Helmuth, who is a devout Mormon and who practices his faith throughout, convinces his two best friends from church, Rudi Wobbe and Karl-Heinz Schnibbe, to help him create leaflets transcribing the BBC broadcasts to be distributed all over Hamburg.

Helmuth, Rudi and Karl are turned into the Gestapo by a supposed friend, put on trial and sentenced. Helmuth is the only one sentenced to death for high treason.  He had promised Rudi and Karl he would  take full responsibility, so they were only sentenced to imprisonment for a few years (which were shortened more when Germany lost the war).

It is through the flashbacks, that Bartoletti skillfully shows us Helmuth's development from a child who enthusiastically  supports the Nazis to an adolescent who critically questions what he sees going on around him to a courageous young man willing to risk death in order to tell people the truth about Hitler and the Nazis.  It makes for a very powerful story.

The Boy Who Dared is historical fiction based on a true story and is one of the reasons why Helmuth's story is so compelling.  I think that it is important for today's readers to understand that not everyone in Germany supported Hitler and his politics, but so many chose to remain silence about their feelings, like Helmuth's mother who told him that silence is how people get on sometimes. (pg 95)  In fact, we never really know how Helmuth's mother really feels.  She married a Nazi, but her family was basically against Hitler.

At the back of the novel, there are photographs of Helmuth, his friends and family, as well as an extensive, not to be skipped over Author's Note explaining how Bartoletti researched the novel and the people she interviewed.

Helmuth was the youngest resister of the Third Reich to be executed.  His story really makes you stop
Helmuth, age 16
and think about whether or not you might have had the kind of courage of your convictions that Helmuth had.  Did his actions impact anyone who knew him or read the leaflets he wrote?  Except for his stepfather, Hugo, who did become a changed man after Helmuth's execution,we will never know, but hopefully Helmuth's story will inspire others to find courage within themselves to speak out against injustice and lies regardless.

If you are moved by The Boy Who Dared, and would like to know more about what life was like for young people like Helmeth during the Third Reich, then be sure to look at Susan Campbell Bartoletti's excellent nonfiction book Hitler Youth: Growing Up in Hitler's Shadow. 

Scholastic offers an extensive lesson plan/discussion guide for readers of The Boy Who Dared which you can find HERE 

This book is recommended for readers age 9+
This book was purchased for my personal library

Friday, November 14, 2014

Gifts from the Enemy by Trudy Ludwig, illustrated by Craig Orback

Gifts from the Enemy is based on Alter Wiener's book From a Name to a Number: A Holocaust Survivor's Autobiography. 

It is many years after the Holocaust and Atler begins his personal story of survival by telling the reader that he was an ordinary person with an extraordinary past.

Alter was only 13 when the Nazis invaded Poland, including his small village of Chrzanów.  Up until the invasion on September 1, 1939, the Wiener family, Papa, Mama, and brother Schmuel and Hirsch had lived a comfortable happy life.  His mother was a generous woman and every Shabbath she made sure there was enough food to share with the homeless and less fortunate.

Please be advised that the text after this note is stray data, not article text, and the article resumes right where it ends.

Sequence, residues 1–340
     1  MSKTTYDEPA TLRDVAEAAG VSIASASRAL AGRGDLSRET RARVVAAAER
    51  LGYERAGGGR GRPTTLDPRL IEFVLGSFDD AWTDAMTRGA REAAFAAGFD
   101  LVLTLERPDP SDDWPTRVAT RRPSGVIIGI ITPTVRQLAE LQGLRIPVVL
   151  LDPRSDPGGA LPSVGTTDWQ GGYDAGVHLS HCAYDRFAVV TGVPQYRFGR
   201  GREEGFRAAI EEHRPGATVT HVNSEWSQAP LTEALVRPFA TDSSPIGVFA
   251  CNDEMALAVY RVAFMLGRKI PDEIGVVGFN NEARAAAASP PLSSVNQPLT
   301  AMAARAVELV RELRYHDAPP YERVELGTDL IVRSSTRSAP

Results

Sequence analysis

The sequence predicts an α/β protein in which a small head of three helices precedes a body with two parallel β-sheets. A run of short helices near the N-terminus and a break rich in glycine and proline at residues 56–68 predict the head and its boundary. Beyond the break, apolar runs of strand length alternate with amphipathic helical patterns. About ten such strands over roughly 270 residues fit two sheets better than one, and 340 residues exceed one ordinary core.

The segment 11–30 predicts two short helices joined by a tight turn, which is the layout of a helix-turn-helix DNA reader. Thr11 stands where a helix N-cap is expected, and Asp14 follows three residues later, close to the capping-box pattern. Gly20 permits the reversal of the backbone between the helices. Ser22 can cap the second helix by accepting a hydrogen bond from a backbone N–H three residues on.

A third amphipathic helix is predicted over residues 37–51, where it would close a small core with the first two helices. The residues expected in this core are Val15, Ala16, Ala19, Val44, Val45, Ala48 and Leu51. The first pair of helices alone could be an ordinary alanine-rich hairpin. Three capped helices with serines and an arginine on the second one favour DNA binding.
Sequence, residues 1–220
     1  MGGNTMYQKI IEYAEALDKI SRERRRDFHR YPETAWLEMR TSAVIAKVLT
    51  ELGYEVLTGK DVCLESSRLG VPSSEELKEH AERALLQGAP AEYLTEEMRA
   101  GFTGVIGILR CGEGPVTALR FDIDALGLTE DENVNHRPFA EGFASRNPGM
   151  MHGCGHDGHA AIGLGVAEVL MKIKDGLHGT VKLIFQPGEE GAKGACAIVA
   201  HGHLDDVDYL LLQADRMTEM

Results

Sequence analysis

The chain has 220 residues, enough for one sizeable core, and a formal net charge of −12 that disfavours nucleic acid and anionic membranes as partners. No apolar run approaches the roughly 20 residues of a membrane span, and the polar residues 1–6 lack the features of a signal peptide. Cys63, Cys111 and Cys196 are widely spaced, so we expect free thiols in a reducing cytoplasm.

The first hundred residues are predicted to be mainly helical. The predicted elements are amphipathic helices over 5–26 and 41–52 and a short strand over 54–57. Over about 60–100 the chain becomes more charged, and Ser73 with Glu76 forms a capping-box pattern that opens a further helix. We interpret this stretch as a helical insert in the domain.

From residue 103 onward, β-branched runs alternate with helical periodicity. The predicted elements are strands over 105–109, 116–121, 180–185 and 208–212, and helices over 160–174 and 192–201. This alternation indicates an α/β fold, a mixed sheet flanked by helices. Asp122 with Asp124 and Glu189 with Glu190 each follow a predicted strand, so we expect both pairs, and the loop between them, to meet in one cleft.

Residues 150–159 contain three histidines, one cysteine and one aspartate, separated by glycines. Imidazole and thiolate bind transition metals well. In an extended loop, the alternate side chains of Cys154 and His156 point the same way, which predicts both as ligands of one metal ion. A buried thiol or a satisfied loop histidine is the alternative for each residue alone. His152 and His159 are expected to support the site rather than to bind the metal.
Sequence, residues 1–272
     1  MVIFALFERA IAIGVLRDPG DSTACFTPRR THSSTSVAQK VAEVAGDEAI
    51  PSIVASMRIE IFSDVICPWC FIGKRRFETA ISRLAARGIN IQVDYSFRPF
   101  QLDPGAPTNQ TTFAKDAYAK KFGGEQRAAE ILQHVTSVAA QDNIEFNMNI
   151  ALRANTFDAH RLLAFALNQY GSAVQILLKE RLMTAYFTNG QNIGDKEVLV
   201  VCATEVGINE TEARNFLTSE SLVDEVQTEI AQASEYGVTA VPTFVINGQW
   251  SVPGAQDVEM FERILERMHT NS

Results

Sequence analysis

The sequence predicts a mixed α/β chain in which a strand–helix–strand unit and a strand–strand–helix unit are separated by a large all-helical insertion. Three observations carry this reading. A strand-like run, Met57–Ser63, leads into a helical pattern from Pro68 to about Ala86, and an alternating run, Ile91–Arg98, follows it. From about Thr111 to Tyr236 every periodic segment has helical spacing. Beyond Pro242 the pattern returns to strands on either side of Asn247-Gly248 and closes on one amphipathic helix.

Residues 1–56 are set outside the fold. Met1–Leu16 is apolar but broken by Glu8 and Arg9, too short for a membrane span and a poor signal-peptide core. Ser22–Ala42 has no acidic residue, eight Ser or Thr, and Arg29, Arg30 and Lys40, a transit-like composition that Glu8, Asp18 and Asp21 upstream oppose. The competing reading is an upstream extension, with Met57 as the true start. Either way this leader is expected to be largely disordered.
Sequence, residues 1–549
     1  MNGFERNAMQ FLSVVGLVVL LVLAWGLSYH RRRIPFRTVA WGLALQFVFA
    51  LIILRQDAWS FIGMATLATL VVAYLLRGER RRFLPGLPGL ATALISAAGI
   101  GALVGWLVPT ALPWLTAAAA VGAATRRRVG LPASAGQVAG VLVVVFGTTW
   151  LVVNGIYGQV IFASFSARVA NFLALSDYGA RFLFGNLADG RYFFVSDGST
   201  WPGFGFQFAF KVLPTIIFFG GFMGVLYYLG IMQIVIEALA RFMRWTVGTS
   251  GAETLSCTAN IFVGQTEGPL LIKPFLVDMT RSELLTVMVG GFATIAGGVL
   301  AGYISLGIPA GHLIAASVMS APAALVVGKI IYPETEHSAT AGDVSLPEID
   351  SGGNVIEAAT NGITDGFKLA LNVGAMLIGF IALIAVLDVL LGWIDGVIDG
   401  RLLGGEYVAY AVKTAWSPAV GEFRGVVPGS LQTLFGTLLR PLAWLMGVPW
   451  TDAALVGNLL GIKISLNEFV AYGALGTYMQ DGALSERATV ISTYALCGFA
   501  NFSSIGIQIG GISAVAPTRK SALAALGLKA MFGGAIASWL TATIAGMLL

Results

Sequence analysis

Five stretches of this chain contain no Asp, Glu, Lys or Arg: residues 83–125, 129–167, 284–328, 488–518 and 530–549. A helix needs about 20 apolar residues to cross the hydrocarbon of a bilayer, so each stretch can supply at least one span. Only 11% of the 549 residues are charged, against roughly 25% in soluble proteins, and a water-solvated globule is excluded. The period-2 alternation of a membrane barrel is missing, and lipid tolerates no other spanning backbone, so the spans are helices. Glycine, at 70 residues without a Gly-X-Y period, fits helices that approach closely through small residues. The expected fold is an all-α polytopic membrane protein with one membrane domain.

But soon after the Nazis arrived, Jews no longer had any rights - they could not go to school, the park, to the synagogue, and a curfew was imposed making all Jews prisoners in their own homes.  Before long, the Nazis came for Alter's father, killing him.  A year later, they came for his brother Schmuel.

When Alter was 15, the Nazis came for him in the middle of the night.  He never saw any of his family again. Atler was sent to a prison labor camp, where he and the other prisoners were always cold and hungry, and forced to work long hard hours.

While working in a German factory, a German worker caught his attention and pointed to a box.  Later, Alter went to see what she was pointing at.  Underneath a box was a bread and cheese sandwich.  This went on for 30 day and Atler believes that this woman not only helped to save his life, but taught him the valuable lesson that "there are the kind and the cruel in every group of people."

After the Russian Army liberated the camp Alter was in, he tried to find the woman who had shown him some kindness at a time when kindness towards Jews was forbidden.   He never did discover who she was, but he has never forgotten her.

Trudy Ludwig has taken the adult version of Alter Wiener's story and simplified it for younger readers, yet it never sounds condescending or patronizing.  The book is written from Alter's point of view, and as he recounts his experiences, Ludwig is able to include a lot of historical information in his narrative about the Nazi occupation of Poland and about the horror that was the Holocaust without overwhelming or frightening the reader.

Gifts from the Enemy was illustrated by Craig Orback.  His realistic oil paintings are light in times of freedom, happiness or hope and appropriately dark during the days of Alter's imprisonment by the Nazis.

With its message of hope at the end, Gifts from the Enemy is an excellent choice to begin the difficult talking about the Holocaust with children, especially as a read aloud.  And to help do that, Ludwig has included information about hate, the Holocaust, a vocabulary for what might be unfamiliar words for many kids, as well as discussion questions and activities for young readers.

This book is recommended for readers age 7+
This book was borrowed from the NYPL

Tuesday, November 11, 2014

Veterans Day 2014

Honor to the soldier and the sailor everywhere, who bravely bears his country's cause.  
Abraham Lincoln




IT IS THE VETERAN

It is the Veteran, not the preacher, who has given us freedom of religion.
It is the Veteran, not the reporter, who has given us freedom of speech.
It is the Veteran, not the campus organizer, who has given us freedom to assemble.
It is the Veteran, not the lawyer, who has given us the right to a fair trial.
It is the Veteran, not the politician, who has given us the right to vote.
It is the Veteran, who saluted the Flag,
It is the Veteran, who serves under the Flag,
To be buried by the flag
So the protester can burn the flag.
Anoymous

To all Veterans, Thank You for your Service!


In Memoriam
FCP 1955-2001